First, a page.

Its loveliness increases; it will never
Pass into nothingness; but still will keep
A bower quiet for us, and a sleep
Full of sweet dreams, and health, and quiet breathing.
Therefore it may be said of every good bookman: he loves his books to the end, as God is said to love man. To love them to the end is to love them forever, beyond time and change.
What a lovely story!
Dear Mr Soofi
This refers to your article on Ms Malik’s books and also our telecom today.
1) I am Mrs Malik’s nephew and only blood relative in Delhi.
2) The books referred in your article / blogpost were expressly
selected by the family for free / very cheap distribution among the
book lovers of Delhi such as at Daryaganj Sunday market. It is
therefore factually incorrect to say that her relatives sold it to a
rag-picker when actually they were given to specialised old book
sellers in Jamia area to distribute on a non-profit basis.
3) The bulk of Ms Malik’s books are still retained by her family.
Books which did not meet both the a) content and b) physical condition
requirements were not selected for retention. All of Mrs Malik’s
relatives and many of her friends / media colleagues got opportunities
to select books for themselves.
4) The family views it positively if some of her books (which are in
slighly poor condition – such as moth eaten, infested with silver
fish, cracked spines, brittle pages) find good homes with book lovers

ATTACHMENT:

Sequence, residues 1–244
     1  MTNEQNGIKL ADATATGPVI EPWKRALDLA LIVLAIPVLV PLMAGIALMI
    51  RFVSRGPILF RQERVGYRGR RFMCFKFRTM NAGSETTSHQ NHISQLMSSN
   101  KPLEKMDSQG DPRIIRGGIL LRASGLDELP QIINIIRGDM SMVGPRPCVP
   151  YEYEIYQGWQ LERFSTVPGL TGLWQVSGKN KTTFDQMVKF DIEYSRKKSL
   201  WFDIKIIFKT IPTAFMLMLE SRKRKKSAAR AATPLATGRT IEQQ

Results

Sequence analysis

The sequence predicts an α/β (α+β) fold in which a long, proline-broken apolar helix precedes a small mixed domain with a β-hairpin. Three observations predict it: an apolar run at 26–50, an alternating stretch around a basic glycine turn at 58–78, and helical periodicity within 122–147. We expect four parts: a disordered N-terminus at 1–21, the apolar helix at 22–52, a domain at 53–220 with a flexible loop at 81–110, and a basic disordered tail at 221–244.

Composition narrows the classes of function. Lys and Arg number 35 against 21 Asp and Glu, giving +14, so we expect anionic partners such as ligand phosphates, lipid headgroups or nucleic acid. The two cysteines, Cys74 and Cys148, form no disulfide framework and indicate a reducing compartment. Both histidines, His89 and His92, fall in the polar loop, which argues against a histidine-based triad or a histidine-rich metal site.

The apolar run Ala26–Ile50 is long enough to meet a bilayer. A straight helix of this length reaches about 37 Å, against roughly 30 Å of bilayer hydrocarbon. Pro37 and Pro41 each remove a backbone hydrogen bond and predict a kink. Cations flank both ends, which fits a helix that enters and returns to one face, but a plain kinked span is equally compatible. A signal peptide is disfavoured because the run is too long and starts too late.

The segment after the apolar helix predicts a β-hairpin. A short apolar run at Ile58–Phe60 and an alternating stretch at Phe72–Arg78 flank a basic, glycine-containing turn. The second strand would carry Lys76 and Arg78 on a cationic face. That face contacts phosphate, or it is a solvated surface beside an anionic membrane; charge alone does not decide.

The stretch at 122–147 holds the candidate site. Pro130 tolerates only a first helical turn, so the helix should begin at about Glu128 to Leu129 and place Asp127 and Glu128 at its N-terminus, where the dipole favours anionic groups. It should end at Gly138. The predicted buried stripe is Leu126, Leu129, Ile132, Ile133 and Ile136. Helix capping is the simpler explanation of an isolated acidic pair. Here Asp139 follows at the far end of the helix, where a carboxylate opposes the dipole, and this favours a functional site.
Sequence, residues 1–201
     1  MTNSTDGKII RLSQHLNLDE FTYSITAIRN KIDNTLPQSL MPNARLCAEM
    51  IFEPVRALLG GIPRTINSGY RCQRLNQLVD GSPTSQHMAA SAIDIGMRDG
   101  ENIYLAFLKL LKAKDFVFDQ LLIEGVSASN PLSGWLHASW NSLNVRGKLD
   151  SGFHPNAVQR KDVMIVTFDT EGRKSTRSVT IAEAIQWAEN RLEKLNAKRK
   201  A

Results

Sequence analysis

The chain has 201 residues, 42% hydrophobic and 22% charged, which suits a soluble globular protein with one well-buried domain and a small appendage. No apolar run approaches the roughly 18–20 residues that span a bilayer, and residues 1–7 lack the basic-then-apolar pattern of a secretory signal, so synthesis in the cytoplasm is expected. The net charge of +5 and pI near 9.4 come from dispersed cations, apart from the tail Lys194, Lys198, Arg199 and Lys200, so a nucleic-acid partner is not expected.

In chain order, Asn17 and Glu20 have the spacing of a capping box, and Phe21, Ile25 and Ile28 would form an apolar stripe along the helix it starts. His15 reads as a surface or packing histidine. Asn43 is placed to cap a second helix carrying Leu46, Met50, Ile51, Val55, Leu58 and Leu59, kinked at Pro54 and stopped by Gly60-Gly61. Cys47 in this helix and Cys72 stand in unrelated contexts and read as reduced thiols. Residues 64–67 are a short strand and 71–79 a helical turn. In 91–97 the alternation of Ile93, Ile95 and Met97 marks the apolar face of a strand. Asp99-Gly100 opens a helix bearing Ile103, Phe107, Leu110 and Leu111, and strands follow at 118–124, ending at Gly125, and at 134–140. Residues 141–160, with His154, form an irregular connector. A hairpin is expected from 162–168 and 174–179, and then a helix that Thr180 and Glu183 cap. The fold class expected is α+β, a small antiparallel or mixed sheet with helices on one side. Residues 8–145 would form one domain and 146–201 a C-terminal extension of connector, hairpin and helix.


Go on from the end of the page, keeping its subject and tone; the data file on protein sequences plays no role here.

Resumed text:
who pay for their books – and hence would value them better than if
they got it for free.
This brought back memories. This brought pain. This brought envy. Camaraderie. Joy. Happiness.
My father was in AIR (you’re probably too young to even know it stands for All India Radio :)). Every week we’d wait to read Ms. Malik’s review of the week gone by in the media world. She was incisive, hyper critical, acerbic and oft-times – downright nasty :D. Given all that it was my dad’s greatest joy and pride that she wrote a favourable review of a play he had written and produced. At some point AIR faded away and she did too – from the limelight.
All the rest i feel as a fellow bibliophile. I treasure my books and my children (7 and 1.5)adore books too. So their care for 1 generation is partially assured…i hope. Else, i’d be glad if they got sold cheap on the pavements to people who love books but cannot afford them anymore.
Hi Mr. Soofi,
Its not particularly related to the Daryaganj story, but is more of a personalised account.
I got to know of Mrs. Amita Malik, for the first time when I read and article by her, on the death of Marlon Brando, in HT.
I remember keeping the article in my file, but have failed to locate it. It was an excellent account of her meeting Brando, when he visited India on a rare visit to discuss making Banku Babur Bandhu with Satyajit Ray(which was never made. On that visit of his, Mrs. Malik perhaps, had an opportunity as a host on AIR to interview Mr. Brando. She wrote in the article how he had wooed her with his “Voodoo” voice, and later added that those tapes were lost from the AIR office.But, the point is that, the short article was evocative and very melancholic. Perhaps one of the best obituaries I had read.
I really want that article. Can you please help me out, in your capacity as an employee at HT
Everything must pass. I did not know Ms. Malik, and I seldom listened to AIR but the article touched me in ways I never expected. I know something about her now, thanks to Mr. Soofi for writing such a beautiful obituary.
I also like the comment posted by Mr. Gora Firanghi.
Comments are closed.